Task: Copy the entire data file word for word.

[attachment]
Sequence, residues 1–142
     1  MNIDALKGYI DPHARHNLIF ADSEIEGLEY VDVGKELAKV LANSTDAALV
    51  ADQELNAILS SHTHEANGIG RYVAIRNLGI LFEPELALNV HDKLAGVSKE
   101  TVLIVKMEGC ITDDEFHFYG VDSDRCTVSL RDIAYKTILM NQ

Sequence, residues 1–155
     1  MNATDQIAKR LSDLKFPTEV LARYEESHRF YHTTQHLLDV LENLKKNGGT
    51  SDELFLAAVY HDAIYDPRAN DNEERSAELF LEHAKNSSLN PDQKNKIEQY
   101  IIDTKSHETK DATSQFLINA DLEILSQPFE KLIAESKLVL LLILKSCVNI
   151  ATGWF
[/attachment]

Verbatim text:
Sequence, residues 1–142
     1  MNIDALKGYI DPHARHNLIF ADSEIEGLEY VDVGKELAKV LANSTDAALV
    51  ADQELNAILS SHTHEANGIG RYVAIRNLGI LFEPELALNV HDKLAGVSKE
   101  TVLIVKMEGC ITDDEFHFYG VDSDRCTVSL RDIAYKTILM NQ

Sequence, residues 1–155
     1  MNATDQIAKR LSDLKFPTEV LARYEESHRF YHTTQHLLDV LENLKKNGGT
    51  SDELFLAAVY HDAIYDPRAN DNEERSAELF LEHAKNSSLN PDQKNKIEQY
   101  IIDTKSHETK DATSQFLINA DLEILSQPFE KLIAESKLVL LLILKSCVNI
   151  ATGWF